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How to Maintain Your Relationships at Home While Teaching Abroad
Written by: Jessie Smith
Last Updated: November 12, 2019
ITA Advisor and graduate, Jessie Smith, shares her firsthand experience.
“Mom, Dad, guess what! I’m moving to South Korea!” They were silent on the other end before my mom eventually responded with a simple, “why?”
I get it — I was a 21-year-old female that decided basically overnight that I was going to move 6,500 miles away by myself. I suppose I understand now why this idea doesn’t sit well with everyone right away.
I had my concerns, of course: Who was going to pick me up from the airport? How am I going to fit my entire life into two suitcases? How am I going to get a cellphone?
You know, all the major stuff.
You know, all the actual major stuff.
Keeping in touch with loved ones at home once abroad proved to be extremely difficult at first but it got easier. Here are some key tips on how you can maintain relationships with your loved ones back home and ease their concerns about your move abroad.
1. Remember, it's YOUR Job to Keep in Touch —
But wait, shouldn’t everyone be reaching out to me, I’m the one who is busy traveling the world?!
No. You are abroad in a new country with a massive time-change that no one at home understands. Not to mention you have an entirely new work schedule that no one understands, either. It’s 100% your job to figure out times to talk and to initiate these conversations.
People are not going to reach out to you because they assume you’re busy, they don’t know what you’re doing. They don’t want to bother you. Chances are, you have a pretty good gauge on what your family's daily routines and schedules are, so you’re in charge of reaching out.
I made a conscious effort to communicate with my parents every single day because I knew these little messages put my loved ones at ease. You are never too busy to send a 20 second text. Take the time, be respectful of your loved ones concerns and keep the communication going on a regular basis.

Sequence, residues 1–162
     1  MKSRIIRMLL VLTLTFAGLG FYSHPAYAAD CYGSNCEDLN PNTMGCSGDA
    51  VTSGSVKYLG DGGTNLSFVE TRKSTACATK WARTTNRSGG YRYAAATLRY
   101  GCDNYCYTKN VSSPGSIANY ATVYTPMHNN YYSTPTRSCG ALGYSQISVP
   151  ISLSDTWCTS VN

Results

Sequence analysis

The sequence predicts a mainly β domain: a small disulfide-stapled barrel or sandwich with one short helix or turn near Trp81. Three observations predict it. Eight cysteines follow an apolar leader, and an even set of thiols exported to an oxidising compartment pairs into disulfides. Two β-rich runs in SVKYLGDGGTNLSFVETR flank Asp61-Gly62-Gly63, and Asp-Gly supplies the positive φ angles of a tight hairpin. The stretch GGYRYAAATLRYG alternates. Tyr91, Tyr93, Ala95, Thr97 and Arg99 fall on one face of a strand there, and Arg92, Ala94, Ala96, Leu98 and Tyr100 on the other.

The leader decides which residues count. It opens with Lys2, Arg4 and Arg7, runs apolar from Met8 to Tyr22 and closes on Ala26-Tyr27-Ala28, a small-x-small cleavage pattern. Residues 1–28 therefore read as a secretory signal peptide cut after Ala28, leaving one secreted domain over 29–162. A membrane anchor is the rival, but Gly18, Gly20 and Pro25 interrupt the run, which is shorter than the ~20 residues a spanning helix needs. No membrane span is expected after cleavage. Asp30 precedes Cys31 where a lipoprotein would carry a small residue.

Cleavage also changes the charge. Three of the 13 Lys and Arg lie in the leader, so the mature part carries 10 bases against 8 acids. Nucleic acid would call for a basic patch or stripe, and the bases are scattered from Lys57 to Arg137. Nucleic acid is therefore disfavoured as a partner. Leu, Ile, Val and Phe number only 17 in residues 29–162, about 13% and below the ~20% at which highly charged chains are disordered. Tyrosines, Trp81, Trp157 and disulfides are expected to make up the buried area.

Some suggestions for Apps to keep in touch: FaceTime, WhatsApp, Viber, Skype, iMessage.
Meet other ITA students & alumni on the ITA Alumni Facebook group!
2. Stay Active on Social Media —
Facebook and Instagram will become 2 of your new best friends. These will not only be your key tools to sharing your best travel photos, but they will also prevent you from having to tell the same stories to different people over and over again.
Take time to post photos and write little blurbs and updates on social media. It takes a few minutes and it explains your new life and routine abroad better than words ever could. I tried to detail my experiences in Korea a million times over the phone, but I always found it impossible to do anything justice.
3. Start a Blog
Keeping a blog is another fantastic way to keep people informed on your day-to-day life and adventures. This prevented me from having to tell the same 45-minute story to my parents and then tell the same story over again to my grandma the next day. I would just write a long, detailed post on what was going on and send it around to everyone. From there, talking with people was more fun because we could talk in more detail about what was going since I knew they had read the blog.
Blogs are a lot of work, but they also turn into great keepsakes and you can even use them down the line in your resume . Reading back on old posts now that I’m home has been an incredible way to reminisce my time abroad.
How to get started with your blog? This article will provide you with the info you need: 6 Tips for Maintaining a Blog While Teaching English Abroad
4. Send Care Packages Back Home
What? That’s a lot of work!
I know, it’s a ton of work actually. It’s worth it. Write a handwritten note, go out and buy some cheap souvenirs, and grab some food menus from places you frequently eat. I cannot begin to express how much my parents enjoyed receiving these packages.